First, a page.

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GUY RITCHIES THE COVENANT.jpg

'Guy Ritchie's The Covenant' Tries Very Hard Not to Be Political

By Jason Adams | Film | April 21, 2023 |

By Jason Adams | Film | April 21, 2023 |


GUY RITCHIES THE COVENANT.jpg

It wouldn’t be saying too much to admit right here off the bat that Guy Ritchie’s The Covenant (and yes, he’s now including his name in the title like he’s Bram Stoker or something) very well may be my favorite Guy Ritchie movie to date. Because admittedly there’s not a lot of competition for that title. Oh, I enjoyed The Man From U.N.C.L.E. well enough—especially when Elizabeth Debicki was on screen. But the British gangster crime capers Ritchie made his name with, your Snatches and your Lock Stock and Two Smoking Barrelses, they were never so much my jam. They always felt like copies of copies—just Michael Caine movies of the 1960s with extra violence, F-bombs, and a whole lotta barely sublimated homoeroticism slathered on top.

While The Covenant isn’t quite one of those movies air-dropped into the mountains of Afghanistan, it’s enough of that to make it actually kind of interesting. The ways in which it’s not quite that end up being interesting too. Telling the true story of U.S. Army Special Forces Sgt. John Kinley (Jake Gyllenhaal, thrillingly bearded) and his hot and heavy bromance with a local interpreter named Ahmed (Dar Salim) who saves his life, and who the soldier must then rescue in turn, is basically structured around two capers. Just of the military kind. I believe they call them “missions”? Who knows.

The first 2/3rds of the movie involve Kinley’s team trying to sniff out the locations where the Taliban is building their bombs, and it shows us how Kinley and Ahmed slowly but surely build their trust in one another. It’s nothing you’ve not seen before—light antagonism gives way to friendliness and respect, churn and repeat. But the actors keep everything dialed down enough to make it the least obnoxious version of that. And then the last third of the movie involves Kinley heading back into Afghanistan after he’s been sent home, to help Ahmed and his family escape after the typically shitty U.S. Government’s reneged on its promise to passport interpreters out of harm’s way.

I don’t know if it’s just the fact that he’s telling a true story here, but this is far and away the most serious-minded movie that Ritchie’s ever attempted—there’s bros-will-be-bros war-time camaraderie between the Kinley’s interchangeable crew of fighting men (lots of, you guessed it, No-Homo-ing), sure. Of course, there is. It’s still Guy Ritchie! His name’s right there in the title! But it’s all played straight and sticks firmly to not-too-flashy realism—a sequence where the tension ratchets up as the soldiers uncover what they’ve been looking for is deftly handled, especially once things head south. My ass actually met the edge of my seat!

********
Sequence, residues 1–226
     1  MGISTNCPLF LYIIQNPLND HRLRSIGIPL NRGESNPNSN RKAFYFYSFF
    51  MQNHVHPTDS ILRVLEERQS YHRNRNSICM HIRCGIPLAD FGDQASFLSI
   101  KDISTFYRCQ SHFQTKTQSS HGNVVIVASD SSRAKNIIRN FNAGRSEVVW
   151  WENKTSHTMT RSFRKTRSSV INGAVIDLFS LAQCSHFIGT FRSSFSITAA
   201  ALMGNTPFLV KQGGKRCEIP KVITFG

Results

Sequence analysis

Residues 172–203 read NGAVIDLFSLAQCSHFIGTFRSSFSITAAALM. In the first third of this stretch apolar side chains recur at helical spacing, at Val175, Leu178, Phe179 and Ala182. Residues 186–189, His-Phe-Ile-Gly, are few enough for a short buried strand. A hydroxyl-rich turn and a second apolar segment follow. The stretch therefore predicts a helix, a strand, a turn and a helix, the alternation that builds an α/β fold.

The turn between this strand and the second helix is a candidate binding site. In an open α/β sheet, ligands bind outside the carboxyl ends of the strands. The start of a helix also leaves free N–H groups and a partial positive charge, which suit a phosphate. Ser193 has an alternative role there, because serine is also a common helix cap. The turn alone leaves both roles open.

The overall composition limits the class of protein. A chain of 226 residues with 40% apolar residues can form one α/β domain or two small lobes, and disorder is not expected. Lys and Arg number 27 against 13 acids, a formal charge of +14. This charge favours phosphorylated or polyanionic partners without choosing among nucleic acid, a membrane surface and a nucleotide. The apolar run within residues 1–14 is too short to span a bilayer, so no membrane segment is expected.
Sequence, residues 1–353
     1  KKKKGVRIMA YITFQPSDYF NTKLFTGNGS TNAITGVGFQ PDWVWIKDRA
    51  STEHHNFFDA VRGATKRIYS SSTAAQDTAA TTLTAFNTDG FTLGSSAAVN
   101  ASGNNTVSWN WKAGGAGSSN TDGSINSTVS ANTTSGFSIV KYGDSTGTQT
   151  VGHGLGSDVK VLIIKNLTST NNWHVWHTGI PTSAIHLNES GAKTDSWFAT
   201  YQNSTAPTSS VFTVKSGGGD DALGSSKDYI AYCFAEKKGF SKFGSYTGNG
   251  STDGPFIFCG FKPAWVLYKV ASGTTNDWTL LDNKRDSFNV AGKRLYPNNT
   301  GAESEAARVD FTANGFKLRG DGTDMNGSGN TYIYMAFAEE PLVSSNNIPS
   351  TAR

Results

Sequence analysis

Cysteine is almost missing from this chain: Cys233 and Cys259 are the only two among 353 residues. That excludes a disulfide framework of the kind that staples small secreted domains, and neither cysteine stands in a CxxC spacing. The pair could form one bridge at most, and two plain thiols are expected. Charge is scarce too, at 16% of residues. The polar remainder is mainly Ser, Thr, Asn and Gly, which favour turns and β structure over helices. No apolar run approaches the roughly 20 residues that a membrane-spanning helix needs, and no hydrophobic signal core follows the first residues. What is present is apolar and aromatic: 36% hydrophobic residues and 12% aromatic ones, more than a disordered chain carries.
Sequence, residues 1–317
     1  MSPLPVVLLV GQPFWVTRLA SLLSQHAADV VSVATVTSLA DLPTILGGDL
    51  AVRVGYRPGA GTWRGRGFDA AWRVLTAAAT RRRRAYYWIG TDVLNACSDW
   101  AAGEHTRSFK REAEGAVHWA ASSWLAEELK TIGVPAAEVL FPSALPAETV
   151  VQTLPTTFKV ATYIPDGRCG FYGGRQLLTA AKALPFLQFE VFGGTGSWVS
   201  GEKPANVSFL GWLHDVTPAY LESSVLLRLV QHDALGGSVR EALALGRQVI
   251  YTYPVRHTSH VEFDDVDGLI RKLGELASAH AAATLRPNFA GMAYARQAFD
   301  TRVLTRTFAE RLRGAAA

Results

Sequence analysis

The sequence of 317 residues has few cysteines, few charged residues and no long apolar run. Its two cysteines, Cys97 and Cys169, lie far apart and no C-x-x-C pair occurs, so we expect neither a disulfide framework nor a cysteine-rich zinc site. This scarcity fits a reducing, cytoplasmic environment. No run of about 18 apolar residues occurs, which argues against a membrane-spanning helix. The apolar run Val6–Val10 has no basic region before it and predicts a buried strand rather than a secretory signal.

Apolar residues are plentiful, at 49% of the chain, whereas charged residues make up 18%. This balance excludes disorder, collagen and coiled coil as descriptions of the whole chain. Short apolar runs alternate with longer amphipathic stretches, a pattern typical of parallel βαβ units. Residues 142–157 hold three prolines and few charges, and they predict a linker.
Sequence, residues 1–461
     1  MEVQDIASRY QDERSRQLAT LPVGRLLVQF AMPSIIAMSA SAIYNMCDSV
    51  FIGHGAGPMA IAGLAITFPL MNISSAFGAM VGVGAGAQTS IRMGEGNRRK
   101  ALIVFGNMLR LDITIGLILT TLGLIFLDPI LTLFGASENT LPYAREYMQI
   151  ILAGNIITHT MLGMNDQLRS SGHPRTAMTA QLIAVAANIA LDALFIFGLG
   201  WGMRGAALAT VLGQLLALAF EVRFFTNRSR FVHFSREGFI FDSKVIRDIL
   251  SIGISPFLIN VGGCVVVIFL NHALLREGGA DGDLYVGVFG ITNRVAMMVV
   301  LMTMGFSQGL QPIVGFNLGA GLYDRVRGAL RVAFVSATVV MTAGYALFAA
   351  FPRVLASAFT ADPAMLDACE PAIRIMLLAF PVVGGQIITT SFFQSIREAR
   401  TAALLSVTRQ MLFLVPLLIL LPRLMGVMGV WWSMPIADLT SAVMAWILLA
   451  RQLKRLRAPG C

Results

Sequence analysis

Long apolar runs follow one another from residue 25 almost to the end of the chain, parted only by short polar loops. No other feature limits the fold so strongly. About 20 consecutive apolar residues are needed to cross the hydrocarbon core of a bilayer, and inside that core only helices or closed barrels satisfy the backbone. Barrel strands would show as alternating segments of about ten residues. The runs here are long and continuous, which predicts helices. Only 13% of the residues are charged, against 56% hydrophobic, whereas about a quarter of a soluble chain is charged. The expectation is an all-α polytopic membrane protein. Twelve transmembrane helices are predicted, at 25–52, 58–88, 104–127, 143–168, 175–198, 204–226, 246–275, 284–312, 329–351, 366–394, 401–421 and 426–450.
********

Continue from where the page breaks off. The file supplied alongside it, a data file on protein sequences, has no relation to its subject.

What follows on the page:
And the long sequence that follows, where the bond between Ahmed and Kinley is truly forged across the unforgiving Afghan landscape, contains some of the most poetic imagery that Ritchie’s ever filmed. (He’s helped out well on that front by a legitimately gorgeous score from Christopher Benstead.) At times it dips its toe into motivational poster theatrics, flattening an extremely complicated situation into a simple push-that-cart-over-one-more-hill drama. But Gyllenhaal and Salim, both very good, keep managing to do just enough filling up of the potholes to get us to the finish line.

While that’s true character-wise and visually, the film unfortunately tries very hard to not be political, which is in this day and age depressing, if no not terribly surprising. (You should look to the genuine political activism on display in How to Blow Up a Pipeline to see a much braver movie—one with a real perspective on the world today and what to do about it.) A title card at The Covenant’s start that says the U.S. went to war with Afghanistan as “retaliation” for 9/11 is, one supposes, technically a way to use that word. But it reduces a situation about a thousand miles more complex to near rubble.

So what Ritchie delivers is indeed at its basic enough form “A stirring tale of real heroism, thrillingly realized!” And I’m sure all involved are happy enough with that. The audience at my screening applauded and cheered in the moments where the movie wanted them to cheer and applaud. I’m sure if I’d been a creep wearing night-vision goggles in the theater I would have seen the audience tear up in the moments where the movie wanted them to tear up, too. (I cried, but I’m the world’s easiest crier.) It’s effective enough stuff! Even if you can easily suss out the ways in which it could’ve burrowed into thornier territory, and you might find yourself longing for some of those thorns instead.